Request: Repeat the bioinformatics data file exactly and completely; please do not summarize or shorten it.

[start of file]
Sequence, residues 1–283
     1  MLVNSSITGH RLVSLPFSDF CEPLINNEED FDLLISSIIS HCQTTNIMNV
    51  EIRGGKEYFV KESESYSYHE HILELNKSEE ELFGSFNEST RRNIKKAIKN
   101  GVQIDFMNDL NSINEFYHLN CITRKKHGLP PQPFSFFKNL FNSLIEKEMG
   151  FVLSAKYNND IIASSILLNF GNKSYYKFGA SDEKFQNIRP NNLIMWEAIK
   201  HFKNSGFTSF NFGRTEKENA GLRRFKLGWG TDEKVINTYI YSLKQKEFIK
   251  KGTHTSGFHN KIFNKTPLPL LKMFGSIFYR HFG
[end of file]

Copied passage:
Sequence, residues 1–283
     1  MLVNSSITGH RLVSLPFSDF CEPLINNEED FDLLISSIIS HCQTTNIMNV
    51  EIRGGKEYFV KESESYSYHE HILELNKSEE ELFGSFNEST RRNIKKAIKN
   101  GVQIDFMNDL NSINEFYHLN CITRKKHGLP PQPFSFFKNL FNSLIEKEMG
   151  FVLSAKYNND IIASSILLNF GNKSYYKFGA SDEKFQNIRP NNLIMWEAIK
   201  HFKNSGFTSF NFGRTEKENA GLRRFKLGWG TDEKVINTYI YSLKQKEFIK
   251  KGTHTSGFHN KIFNKTPLPL LKMFGSIFYR HFG